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SA’s Automotive sector eyes Africa for growth

SA’s Automotive sector eyes Africa for growth

South Africa’s automotive sector is turning its eyes north in a bid to create new opportunities and establish new markets to produce and trade its goods and services.

Automotive manufacturing stakeholders, including SA based vehicle assemblers, financial institutions and component manufacturers represented by the National Association of Automotive Component and Allied Manufacturers (Naacam), were in Ethiopia this week to gain insight into creating business opportunities and a favourable investment environment for South African companies.

The roadshow is an initiative of the African Association of Automotive Manufacturers (AAAM), facilitated by Deloitte Africa. It is also intended to assist Ethiopia, Africa’s fastest growing economy, in shaping policy to support industry and in particular the automotive sector; gain insight into the automotive sector and potential for enhanced manufacturing in Ethiopia; and build relationships and networks between South Africa’s automotive stakeholders and key Ethiopian government and industry figures.

The three-day roadshow – which ended yesterday (EDITORS: 16 July 2019) – saw delegates meet Ethiopian President Sahle-Work Zewde, State Minister of Finance Eyob Tekalign Tolina, Ethiopian Investment Commissioner Abebe Abebayehu, as well as a host of private and public sector representatives.

Ethiopia is Africa’s fastest growing economy with the economy expected to grow by nine percent this year. An increase in industrial activity, including investments in infrastructure and manufacturing, are behind Ethiopia’s rise.

Reflecting on a productive trip, Renai Moothilal, Executive Director of NAACAM, says, “NAACAM is a member of the Association for African Automotive Manufacturers and through this platform we hope to create positive conditions for our members to trade and invest on the wider continent.”

Adds Moothilal: “The reality is that in order to unlock markets across the continent, cross border industrial development is vital. Governments in partner countries such as Ethiopia need to put in place supportive policies that grow automotive manufacturing capabilities there. Dealing with policy issues around grey and used vehicle imports, standards and homologation, protection of IP, liquidity of currency exchange and financing of investment are key when looking to promote automotive manufacturing.”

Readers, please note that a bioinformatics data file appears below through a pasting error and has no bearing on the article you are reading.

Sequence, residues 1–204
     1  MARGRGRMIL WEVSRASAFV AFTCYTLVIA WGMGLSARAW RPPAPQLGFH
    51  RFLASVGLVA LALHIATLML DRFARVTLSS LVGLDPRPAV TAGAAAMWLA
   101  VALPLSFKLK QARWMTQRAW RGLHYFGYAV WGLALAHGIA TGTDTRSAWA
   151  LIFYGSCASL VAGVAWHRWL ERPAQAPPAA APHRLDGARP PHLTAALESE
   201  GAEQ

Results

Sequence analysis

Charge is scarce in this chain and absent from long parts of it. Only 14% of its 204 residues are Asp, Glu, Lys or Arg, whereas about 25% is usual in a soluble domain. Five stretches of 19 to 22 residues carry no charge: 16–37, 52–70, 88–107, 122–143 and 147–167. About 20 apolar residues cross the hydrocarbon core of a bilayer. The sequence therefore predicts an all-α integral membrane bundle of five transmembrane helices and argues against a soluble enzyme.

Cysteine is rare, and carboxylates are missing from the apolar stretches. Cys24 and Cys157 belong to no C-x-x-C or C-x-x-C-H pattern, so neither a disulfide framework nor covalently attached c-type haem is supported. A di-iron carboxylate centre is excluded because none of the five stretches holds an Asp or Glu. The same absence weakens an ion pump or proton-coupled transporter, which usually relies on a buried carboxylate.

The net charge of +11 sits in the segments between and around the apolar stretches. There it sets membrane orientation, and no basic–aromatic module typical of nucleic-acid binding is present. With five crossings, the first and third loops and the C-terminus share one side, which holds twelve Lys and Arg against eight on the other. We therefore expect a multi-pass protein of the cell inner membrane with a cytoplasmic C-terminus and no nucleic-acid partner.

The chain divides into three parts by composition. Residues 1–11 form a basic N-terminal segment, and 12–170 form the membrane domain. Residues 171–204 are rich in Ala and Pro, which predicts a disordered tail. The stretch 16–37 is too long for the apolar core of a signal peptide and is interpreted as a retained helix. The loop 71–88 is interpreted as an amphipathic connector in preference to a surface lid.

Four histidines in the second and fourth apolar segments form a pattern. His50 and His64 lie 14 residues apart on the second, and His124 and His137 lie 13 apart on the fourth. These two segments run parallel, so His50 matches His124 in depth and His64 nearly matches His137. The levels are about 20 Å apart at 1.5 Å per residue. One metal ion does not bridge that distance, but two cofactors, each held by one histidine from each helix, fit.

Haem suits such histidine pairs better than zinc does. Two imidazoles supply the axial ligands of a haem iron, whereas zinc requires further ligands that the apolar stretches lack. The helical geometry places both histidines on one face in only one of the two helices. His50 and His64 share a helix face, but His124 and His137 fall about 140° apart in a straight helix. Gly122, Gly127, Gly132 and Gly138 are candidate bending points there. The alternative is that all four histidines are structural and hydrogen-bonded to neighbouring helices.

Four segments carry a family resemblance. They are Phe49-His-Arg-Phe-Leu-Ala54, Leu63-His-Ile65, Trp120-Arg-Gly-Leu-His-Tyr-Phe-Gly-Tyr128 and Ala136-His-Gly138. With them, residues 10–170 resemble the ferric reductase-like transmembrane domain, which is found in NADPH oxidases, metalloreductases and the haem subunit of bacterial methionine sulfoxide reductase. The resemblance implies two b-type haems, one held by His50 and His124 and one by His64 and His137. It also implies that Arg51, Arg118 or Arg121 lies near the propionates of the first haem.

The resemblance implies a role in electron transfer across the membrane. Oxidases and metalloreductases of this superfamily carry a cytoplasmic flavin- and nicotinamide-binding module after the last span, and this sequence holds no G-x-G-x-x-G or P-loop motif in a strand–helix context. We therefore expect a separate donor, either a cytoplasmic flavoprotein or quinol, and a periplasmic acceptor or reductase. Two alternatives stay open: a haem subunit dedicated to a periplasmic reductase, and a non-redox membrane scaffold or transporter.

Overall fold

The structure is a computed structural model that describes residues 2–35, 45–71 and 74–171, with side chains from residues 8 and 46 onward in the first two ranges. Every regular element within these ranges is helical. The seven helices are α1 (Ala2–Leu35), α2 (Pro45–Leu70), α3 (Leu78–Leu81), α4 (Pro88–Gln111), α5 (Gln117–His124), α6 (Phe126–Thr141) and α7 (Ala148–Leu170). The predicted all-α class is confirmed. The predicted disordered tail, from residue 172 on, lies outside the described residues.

Thomas Schaefer, president of AAAM and Managing Director of VWSA, says the roadshow had been organised because “the future of the South African automotive industry is symbiotically linked to the future opportunities and growth of Africa”.

He says the initiative is part of AAAM’s long-term vision to establish a pan-African automotive industry collaboration with countries who have the political will to develop industries, and at this stage will likely include South Africa, Nigeria, Ghana, Kenya, Rwanda and Ethiopia.

“All South Africa’s automotive stakeholders focus on exporting to the US or Europe, but the rest of the developed world wants to export there as well, and they are well ahead of the game with high efficiency and plants closer to those markets. The only advantage that Africa has is low labour costs in some countries, but South Africa hasn’t even got that. So, the only way to promote growth is to connect Africa’s economies for mutual trade and everybody gets a piece of the pie,” he points out.

Schaefer says expanding into Africa will result in South Africa’s automotive players not just having a market of 57-million people, but over one billion people.

He believes it will be “a long road” if every African country tried to go it alone and develop a massive automotive industry only for themselves.

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